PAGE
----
President Obama took pains Thursday to stress, once again, that the West is "not at war with Islam" as he wrapped a three-day White House forum on "violent extremism" -- but in the end, drew criticism that he was going to extremes to avoid talking about the threat of Islamic extremists. 

"Sadly, this was a summit without substance," said Rep. Michael McCaul, R-Texas, chairman of the House Homeland Security Committee. "Americans understand we are not at war with Islam. But, we will not defeat these fanatics if we refuse to define them for what they are -- violent Islamist extremists." 

The president and top officials in his administration, as they have before, generally avoided using the term "radical Islam" during the summit. Instead, Obama argued that groups like the Islamic State "use Islam to justify their violence" and that to accept that connection would be to embrace the "terrorists' narrative." 

Obama on Thursday acknowledged the "unspeakable cruelty" inflicted by the Islamic State and said countries must be "unwavering" in fighting these groups. But he underscored the importance of improving political systems, boosting economies and making impoverished communities less susceptible to terror recruiters -- echoing a comment from a State Department official this week that jobs-creation programs could be an effective counterterrorism tool. 

He offered no hint that the summit had produced a clear, unified and immediate global strategy to ultimately defeat the Islamic State -- instead issuing the declaration to the Islamic world that, "We are not at war with Islam." 

McCaul accused Obama of spending more time hitting that point than he did laying out a "credible strategy." 

"Instead ... we got empty rhetoric from the president and the announcement of 'new' initiatives that are really a rehash of old programs," he said in a statement. "Worse still, the president proposed more meetings and summits to tackle the problem. We don't need more summits. We need a real strategy from this president, and we need it now." 

In describing both what to do and who the enemy is, Obama administration officials are using a broad brush. To combat terrorism, they're calling for more jobs and better "governance." Obama recently compared modern-day Middle East atrocities to Christian violence during the Crusades. 

Secretary of State John Kerry, at the same summit, mocked what he described as the "silly" media debate over what to do about terrorism. "You have to do everything," Kerry said.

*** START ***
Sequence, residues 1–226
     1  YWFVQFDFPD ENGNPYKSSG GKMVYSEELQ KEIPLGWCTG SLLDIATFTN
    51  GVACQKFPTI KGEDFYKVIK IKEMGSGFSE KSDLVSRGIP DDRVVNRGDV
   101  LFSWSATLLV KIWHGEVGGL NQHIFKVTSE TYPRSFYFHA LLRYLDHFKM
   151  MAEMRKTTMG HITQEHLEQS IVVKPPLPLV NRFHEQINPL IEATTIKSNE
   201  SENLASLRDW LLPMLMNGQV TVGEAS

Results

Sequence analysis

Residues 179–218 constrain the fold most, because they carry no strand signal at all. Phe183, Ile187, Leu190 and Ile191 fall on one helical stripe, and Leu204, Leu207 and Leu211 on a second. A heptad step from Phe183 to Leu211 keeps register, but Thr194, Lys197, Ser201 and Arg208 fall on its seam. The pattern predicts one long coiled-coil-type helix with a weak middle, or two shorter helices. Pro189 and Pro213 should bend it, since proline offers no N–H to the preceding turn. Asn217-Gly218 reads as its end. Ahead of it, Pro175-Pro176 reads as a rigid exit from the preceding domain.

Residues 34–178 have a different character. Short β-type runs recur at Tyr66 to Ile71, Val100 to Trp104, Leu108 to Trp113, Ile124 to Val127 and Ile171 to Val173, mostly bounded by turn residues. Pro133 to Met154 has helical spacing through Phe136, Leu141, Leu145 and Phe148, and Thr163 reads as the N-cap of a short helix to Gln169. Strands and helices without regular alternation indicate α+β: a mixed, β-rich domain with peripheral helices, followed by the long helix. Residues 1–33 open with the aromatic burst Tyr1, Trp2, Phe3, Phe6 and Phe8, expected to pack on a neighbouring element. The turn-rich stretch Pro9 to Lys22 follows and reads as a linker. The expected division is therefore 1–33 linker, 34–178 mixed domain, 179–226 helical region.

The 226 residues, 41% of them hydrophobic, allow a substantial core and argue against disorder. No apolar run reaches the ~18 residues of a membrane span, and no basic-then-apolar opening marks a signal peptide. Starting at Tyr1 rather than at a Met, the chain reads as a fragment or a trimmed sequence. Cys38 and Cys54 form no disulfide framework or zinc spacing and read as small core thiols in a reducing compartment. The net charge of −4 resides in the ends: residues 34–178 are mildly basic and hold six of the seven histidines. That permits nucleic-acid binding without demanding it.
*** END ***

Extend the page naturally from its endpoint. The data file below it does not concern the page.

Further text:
But Walid Phares, Fox News Middle East analyst, said Thursday that even America's European allies are putting forward a narrative that acknowledges a confrontation, not with Islam itself but with "jihadists." 

"Only the Obama administration is not," he said. 

Sen. Ted Cruz, R-Texas, described the rhetoric as a "bizarre, politically correct double-speak." 

Speaking on Fox News, Cruz accused Obama of being an "apologist for radical Islamic terrorists," given his recent Crusades comparison. 

"I don't think it's too much to ask the president to stay in the current millennia," Cruz said Wednesday. 

Administration officials, though, are laying out a carefully worded argument. 

The U.S. is leading a multi-nation coalition in launching airstrikes against ISIS strongholds in Iraq and Syria. On Thursday, the administration also confirmed that Turkey and the U.S. have signed a deal to train and arm Syrian rebels -- who are battling both the Assad regime and the Islamic State -- using a training site hosted by Turkey. But Kerry, at the summit and in a Wall Street Journal op-ed, argued that the international community needs to do more than pursue military options for confronting extremism. 

"No one country, no one army, no one group is going to be able to respond to this adequately," he said Thursday. 

In the Wall Street Journal column, Kerry said "good governance" is vital because those with stable and effective governments are "less likely to strap on an AK-47 or a suicide vest, or to aid those who do." 

Further, he said another option "may be training young people so they can get jobs and envision a future of dignity and self-reliance." 

That follows department spokeswoman Marie Harf likewise stressing the importance of job creation for combating the "root" causes of terrorism. 

But terrorism analyst Zuhdi Jasser took issue with the approach. 

"[Obama] is insulting, I think, to many millions of reform-minded Muslims who are trying to reject and push back theocracy," he told Fox News on Wednesday. "And the leader of the free world in the meantime is saying, 'Well, these terror groups are sort of coming out of thin air and it's just sort of a crime, education and a job problem' -- which is absurd and oversimplifying." 

As the Obama administration discusses long-term strategies, Jasser said that strategy should seek to "advance liberty, engage civil society and engage reformists and take sides within the house of Islam against the theocrats which are dominating every conversation for Muslims."